Skip to main content

The electrification of the automotive industry has brought many new nameplates to the market. Now, consumers can choose between hybrids, plug-in hybrids, fully electric vehicles, and internal combustion engine (gas-only) vehicles. So, why do many drivers prefer plug-in hybrid SUVs over fully electric SUVs?

PHEVs are an easier transition from gas vehicles

A red 2024 Toyota RAV4 Prime small plug-in hybrid SUV is driving on the road.
The Toyota RAV4 Prime | Toyota

Change is hard. Most drivers can’t wrap their heads around giving up internal combustion engine (ICE) vehicles entirely. Plug-in hybrid vehicles (PHEVs) are a happy medium between ICE and battery electric vehicles (BEVs).

Battery electric vehicle ownership comes with plenty of hurdles and hardships for drivers new to the EV scene. Charging can be a serious issue, especially with a lack of infrastructure in certain regions.

Making the switch from an ICE SUV to a PHEV SUV is a much smoother transition than jumping from an ICE SUV to an EV. Why? Because PHEVs are ultimately still hybrids, so there’s some familiarity with the powertrain itself and its functionality. EVs, on the other hand, are a whole different ball game.

Many view plug-in hybrid SUVs as safer than EVs

A gray Jeep Wrangler 4xe small electric SUV is parked outdoors.
Thee Jeep Wrangler 4xe | Jeep

There’s no solid evidence to prove that PHEVs are generally safer than EVs, but electric vehicle recalls are far more frequent than PHEV recalls. Since electric vehicles rely more heavily on their batteries than PHEVs, they are more prone to overheating. Battery overheating can cause serious issues like immobility and, in some cases, dangerous fires.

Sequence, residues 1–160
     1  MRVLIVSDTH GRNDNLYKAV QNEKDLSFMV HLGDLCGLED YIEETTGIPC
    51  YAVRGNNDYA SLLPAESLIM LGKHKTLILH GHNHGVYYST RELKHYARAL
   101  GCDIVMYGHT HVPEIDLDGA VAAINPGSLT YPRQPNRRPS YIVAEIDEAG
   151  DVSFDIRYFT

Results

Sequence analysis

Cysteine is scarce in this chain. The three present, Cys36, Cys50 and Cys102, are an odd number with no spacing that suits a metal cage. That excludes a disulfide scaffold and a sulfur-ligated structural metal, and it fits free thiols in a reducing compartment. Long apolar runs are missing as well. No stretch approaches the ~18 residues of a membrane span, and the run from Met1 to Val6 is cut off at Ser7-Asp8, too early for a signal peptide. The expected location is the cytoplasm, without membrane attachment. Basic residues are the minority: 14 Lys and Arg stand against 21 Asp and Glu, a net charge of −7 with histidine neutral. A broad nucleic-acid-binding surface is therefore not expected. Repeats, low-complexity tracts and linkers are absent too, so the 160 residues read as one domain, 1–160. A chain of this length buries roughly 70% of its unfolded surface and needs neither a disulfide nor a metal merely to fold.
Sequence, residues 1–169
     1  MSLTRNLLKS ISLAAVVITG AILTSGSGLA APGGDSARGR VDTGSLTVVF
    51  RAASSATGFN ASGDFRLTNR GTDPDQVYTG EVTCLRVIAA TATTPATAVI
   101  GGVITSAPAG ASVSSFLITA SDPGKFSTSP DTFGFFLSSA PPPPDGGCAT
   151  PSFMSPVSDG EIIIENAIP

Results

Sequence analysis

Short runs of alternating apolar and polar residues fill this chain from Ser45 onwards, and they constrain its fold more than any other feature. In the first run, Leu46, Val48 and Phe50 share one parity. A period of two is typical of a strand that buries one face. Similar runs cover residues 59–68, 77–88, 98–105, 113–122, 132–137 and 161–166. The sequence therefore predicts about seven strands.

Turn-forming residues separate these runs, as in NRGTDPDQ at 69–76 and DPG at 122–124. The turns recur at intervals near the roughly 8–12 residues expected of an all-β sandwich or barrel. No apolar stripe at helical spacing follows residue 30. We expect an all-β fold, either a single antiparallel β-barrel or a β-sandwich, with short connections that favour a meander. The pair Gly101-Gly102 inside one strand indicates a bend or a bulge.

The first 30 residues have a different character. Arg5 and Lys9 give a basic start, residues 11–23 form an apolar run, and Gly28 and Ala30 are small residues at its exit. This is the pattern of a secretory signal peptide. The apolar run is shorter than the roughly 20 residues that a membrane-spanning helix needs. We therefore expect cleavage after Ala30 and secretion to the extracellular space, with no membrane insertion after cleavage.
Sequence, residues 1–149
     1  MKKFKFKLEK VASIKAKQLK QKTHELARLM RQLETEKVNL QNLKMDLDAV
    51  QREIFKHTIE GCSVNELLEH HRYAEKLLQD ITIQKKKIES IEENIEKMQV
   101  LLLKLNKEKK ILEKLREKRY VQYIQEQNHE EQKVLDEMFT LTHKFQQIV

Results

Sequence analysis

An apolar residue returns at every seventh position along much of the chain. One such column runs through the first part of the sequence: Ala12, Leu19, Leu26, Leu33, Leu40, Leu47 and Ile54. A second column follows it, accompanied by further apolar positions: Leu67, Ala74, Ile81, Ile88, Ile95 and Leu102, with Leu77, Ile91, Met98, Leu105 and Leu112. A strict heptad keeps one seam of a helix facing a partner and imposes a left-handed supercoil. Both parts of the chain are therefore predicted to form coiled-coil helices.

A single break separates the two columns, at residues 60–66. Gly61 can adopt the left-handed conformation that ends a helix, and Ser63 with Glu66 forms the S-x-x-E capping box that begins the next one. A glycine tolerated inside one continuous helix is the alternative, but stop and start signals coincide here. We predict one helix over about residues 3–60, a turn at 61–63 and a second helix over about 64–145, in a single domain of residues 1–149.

Electric vehicles like the Chevy Bolt are stigmatized because of battery fire issues. Some consumers are downright terrified of EV ownership. Plug-in hybrid SUVs, however, seem like a much safer alternative.

Thus far, PHEV SUVs haven’t had many serious recalls over battery issues. Since many drivers perceive plug-in hybrid SUVs are safer than BEVs, they’re more likely to choose the former.

Plug-in hybrid SUVs are more practical than electric

A red 2024 Toyota RAV4 Prime small plug-in hybrid SUV is parked.
The 2024 Toyota RAV4 Prime | Toyota

2023 Toyota RAV4 Prime Review: A Plug-In Hybrid SUV That Gets Almost Everything Right

Comfort and safety aside, the final reason that plug-in hybrid SUVs are a better choice than electric SUVs for some drivers is practicality. To consumers, practicality is no small matter in 2023. Inflation is putting a strain on spending for many average Americans. So, where your dollars go is important, and the last thing many consumers want to spend on is an unreliable vehicle.

Despite the success of popular electric SUV nameplates like the Tesla Model Y and Ford Mustang Mach-E, many drivers think EVs are still too impractical. Combine the lack of charging infrastructure in areas of America with infrequent charging stations and battery issues, and you get a perfect recipe for disaster.

Plug-in hybrids may still be too new and scary for some drivers, but those consumers can at least rely on the ICE component of those models. The mass adoption of EVs and the electric future are getting further and further away as the industry encounters growing pains.